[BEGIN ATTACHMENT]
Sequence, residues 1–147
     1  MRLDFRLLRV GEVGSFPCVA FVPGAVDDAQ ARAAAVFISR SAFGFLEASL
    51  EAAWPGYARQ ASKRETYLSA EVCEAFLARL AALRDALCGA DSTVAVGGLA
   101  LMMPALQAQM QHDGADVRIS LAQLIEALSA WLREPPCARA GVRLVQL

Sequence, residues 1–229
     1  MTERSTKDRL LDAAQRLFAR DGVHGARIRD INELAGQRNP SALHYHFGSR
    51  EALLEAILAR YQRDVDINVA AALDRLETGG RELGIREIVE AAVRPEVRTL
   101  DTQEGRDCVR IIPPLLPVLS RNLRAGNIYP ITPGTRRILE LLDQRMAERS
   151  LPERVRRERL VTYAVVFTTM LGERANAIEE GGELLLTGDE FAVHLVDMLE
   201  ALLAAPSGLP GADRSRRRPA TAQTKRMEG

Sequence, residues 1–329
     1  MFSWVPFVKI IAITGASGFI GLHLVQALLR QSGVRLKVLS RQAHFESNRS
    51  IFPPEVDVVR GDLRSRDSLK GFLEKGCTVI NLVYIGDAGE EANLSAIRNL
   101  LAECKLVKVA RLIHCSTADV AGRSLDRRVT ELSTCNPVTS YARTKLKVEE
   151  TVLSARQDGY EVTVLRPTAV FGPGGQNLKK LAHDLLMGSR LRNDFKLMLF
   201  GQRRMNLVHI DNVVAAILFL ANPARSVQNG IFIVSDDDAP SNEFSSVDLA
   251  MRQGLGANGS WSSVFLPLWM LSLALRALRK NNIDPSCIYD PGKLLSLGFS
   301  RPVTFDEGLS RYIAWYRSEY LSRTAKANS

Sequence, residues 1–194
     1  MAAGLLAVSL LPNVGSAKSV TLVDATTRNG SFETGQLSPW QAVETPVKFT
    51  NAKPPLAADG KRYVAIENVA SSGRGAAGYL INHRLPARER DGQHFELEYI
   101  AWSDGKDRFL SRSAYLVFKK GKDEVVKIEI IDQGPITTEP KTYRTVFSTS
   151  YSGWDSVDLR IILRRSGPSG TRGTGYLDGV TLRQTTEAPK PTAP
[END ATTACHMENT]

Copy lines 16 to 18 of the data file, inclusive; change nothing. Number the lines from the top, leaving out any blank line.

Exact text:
   201  GQRRMNLVHI DNVVAAILFL ANPARSVQNG IFIVSDDDAP SNEFSSVDLA
   251  MRQGLGANGS WSSVFLPLWM LSLALRALRK NNIDPSCIYD PGKLLSLGFS
   301  RPVTFDEGLS RYIAWYRSEY LSRTAKANS